Before the ET, infertile women in group (I) received 0.1 mL of the tissue culture medium with HCG injected directly into the uterus. Before the ET, 0.01 mL of the tissue culture medium without HCG was administered into the uterus. The time and volume of injected hCG was similar to that used by another study done by Rezaei and his colleagues 20188. Four minutes before ET, the solution was injected using an IUI catheter in both groups I and II.
All of the study's infertile participants were placed in the lithotomy posture. The speculum of Cusco will be used to see the cervix. With a full bladder, the ET catheter was inserted through the cervical Os into the uterine cavity under the guidance of trans-abdominal ultrasound.
After inserting the catheter, embryos were loaded and injected into the cavity at a distance of 0.5 cm from the fundus. At 14 days following ET, a biochemical pregnancy test will be evaluated by evaluating the level of hCG in the woman's serum. A transvaginal ultrasound was performed three weeks after the positive biochemical test if the test result was positive.
The ratio of the number of women who had positive biochemical pregnancy tests to the total number of women enrolled in each group was used to compute the pregnancy rate (PR). When there is evidence of a gestational sac, an embryo, and a fetal heart rate at the time of ultrasound screening, the clinical pregnancy is considered to be viable. The percentage of clinical pregnancies discovered by ultrasound to the ICSI cycles in each group was used to compute the clinical pregnancy rate (cPR).
The Statistical Package for the Social Sciences was used to analyze the data (SPSS version 25.0, Armonk, NY: IBM Corp, New York, USA). Additionally, to percentages, means, and standard deviations in descriptive statistics, analytical statistics also featured the chi-square test  Student's t-test, independent t-test (t), and correlation coefficient. Statistical significance was defined as a P value 0.05 or lower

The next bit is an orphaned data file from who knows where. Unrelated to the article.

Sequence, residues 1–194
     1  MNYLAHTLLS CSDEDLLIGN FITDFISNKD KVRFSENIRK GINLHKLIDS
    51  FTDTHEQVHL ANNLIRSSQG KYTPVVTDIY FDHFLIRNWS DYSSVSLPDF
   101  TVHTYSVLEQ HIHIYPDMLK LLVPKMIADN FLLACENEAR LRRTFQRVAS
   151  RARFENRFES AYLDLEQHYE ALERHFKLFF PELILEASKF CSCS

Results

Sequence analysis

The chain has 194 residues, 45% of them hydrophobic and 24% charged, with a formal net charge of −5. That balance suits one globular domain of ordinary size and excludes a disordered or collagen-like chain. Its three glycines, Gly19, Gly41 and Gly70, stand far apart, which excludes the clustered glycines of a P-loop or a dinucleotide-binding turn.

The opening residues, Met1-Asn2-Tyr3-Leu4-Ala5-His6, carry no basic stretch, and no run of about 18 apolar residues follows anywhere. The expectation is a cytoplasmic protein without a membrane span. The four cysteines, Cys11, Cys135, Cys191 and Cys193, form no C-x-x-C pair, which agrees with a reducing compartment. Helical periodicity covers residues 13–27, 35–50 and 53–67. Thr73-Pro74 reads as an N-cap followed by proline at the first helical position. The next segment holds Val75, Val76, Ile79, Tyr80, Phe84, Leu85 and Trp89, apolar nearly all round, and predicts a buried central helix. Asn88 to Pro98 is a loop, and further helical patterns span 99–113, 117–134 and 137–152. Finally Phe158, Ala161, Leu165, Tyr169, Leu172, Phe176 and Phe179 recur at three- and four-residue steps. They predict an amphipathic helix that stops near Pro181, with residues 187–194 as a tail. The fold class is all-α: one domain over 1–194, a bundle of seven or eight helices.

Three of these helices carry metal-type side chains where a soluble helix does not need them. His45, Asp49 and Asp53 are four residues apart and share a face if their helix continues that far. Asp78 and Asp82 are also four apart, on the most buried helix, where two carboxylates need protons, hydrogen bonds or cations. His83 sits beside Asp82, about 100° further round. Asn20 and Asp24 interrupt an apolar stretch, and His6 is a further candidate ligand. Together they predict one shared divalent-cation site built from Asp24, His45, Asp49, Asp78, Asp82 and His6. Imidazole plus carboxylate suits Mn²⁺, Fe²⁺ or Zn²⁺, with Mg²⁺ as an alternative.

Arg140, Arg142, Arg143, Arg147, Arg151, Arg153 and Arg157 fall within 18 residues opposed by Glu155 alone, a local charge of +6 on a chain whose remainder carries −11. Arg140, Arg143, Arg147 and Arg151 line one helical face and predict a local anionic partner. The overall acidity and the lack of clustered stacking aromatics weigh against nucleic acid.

When compared to the control group (7.203.28) in the current study, the cases group (9.302.89) had a substantially longer duration of infertility (P=0.001). Additionally, there was a significant difference between the patients and control group in that 30% and 50%, respectively, had previously undergone ICS trials (P=0.041). Age and body mass index did not substantially differ across the groups studied (P>0.05) (Tab. 1.).
|Variables||Cases (N=50)||Control (N=50)||t||P value||Mean Difference||95% CI|
|Mean ± SD||31.70 ± 4.91||30.80 ± 6.48||0.783||0.436||0.9||-1.38||3.18|
|Median (IR)||32.00 (5.00)||30.00 (9.00)|
|Mean ± SD||25.40 ± 4.24||26.50 ± 2.13||1.638||0.105||-1.1||-2.43||0.23|
|Median (IR)||26 (3.00)||26.00 (3.00)|
|Previous ICS trials||N||%||N||%||4.167||0.041*||---||---||---|
|Duration of infertility|